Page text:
The sole purpose of a Trivet was used for setting hot items on.

Find antiquarian and rare books at AbeBooks.co.uk!

Today we still use a form of insulator  to keep a hot pot or skillet off of your $3000. counter top and still today, they are  called a. . . Trivet.

Throw that cheap looking cork”trivet” hot pad awaycheap cork heat pads trivets and get something with a little history and a little more style. Antique Trivets are quite affordable and no comparison from the poorly made ones you buy today.

If nothing else, they make for a great conversation piece in any kitchen.

Many serious collectors look high and low for anything to do with “Antique Kitchen Related” hardware and utensils, decorative trivets especially the ones made for flat irons. All antique Trivets would fit into that collectable category.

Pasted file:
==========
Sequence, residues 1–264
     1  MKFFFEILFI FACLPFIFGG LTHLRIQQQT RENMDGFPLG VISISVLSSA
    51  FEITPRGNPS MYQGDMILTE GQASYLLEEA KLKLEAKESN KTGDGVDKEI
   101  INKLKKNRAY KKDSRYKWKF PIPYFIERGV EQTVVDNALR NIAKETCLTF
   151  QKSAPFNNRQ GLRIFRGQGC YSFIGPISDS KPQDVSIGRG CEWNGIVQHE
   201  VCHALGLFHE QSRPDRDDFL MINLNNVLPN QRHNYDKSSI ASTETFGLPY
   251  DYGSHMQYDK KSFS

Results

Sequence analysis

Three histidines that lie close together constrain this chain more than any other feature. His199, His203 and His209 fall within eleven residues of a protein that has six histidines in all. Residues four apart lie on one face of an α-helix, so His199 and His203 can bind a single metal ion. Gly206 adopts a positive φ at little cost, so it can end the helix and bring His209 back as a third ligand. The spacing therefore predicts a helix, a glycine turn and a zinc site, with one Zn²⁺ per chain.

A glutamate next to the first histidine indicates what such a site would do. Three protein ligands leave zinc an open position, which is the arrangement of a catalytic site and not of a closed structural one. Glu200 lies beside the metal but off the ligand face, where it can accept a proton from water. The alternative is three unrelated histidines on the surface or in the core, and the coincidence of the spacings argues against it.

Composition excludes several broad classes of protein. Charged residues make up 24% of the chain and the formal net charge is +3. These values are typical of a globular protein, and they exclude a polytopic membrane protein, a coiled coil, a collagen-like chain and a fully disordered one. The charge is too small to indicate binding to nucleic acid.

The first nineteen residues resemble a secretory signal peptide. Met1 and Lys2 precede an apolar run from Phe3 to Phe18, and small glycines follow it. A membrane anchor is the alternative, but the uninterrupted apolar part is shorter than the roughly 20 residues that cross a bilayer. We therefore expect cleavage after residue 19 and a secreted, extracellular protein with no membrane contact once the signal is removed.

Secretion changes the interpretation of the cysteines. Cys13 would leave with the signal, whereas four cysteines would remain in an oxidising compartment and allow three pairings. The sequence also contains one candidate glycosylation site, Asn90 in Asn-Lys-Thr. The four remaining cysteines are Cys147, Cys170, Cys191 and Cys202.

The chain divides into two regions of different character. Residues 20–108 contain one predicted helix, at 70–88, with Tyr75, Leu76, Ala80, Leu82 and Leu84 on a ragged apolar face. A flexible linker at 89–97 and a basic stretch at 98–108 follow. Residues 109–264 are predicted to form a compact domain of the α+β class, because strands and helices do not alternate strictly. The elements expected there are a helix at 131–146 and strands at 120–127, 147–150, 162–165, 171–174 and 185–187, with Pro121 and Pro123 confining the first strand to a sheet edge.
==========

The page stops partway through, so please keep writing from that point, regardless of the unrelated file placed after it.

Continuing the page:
Please check these interesting sites for more on “ Antique Kitchen Décor.”





Christmas Tree Ornaments

Collecting Christmas Tree Ornaments

Collecting Christmas Tree Ornaments and decorations, or anything Christmas, is a real serious passion for many group of people. These Christmas goods collectors take more than just a fancy to the little round objects they call Christmas Tree Ornaments. They look at anything Christmas through different eyes than most people. It’s a passion for many of these people. NO! . . . It’s an obsession.

You the collector have been hunting down and Collecting oldKugels Ornaments Christmas Tree Ornaments all year long and its finally time to show off your fine collection to the “VERLD” I mean world.

It’s Christmas Time in Canada at last Eh!

Hell, Collecting Christmas Tree Ornaments and the likes is an addiction of sorts.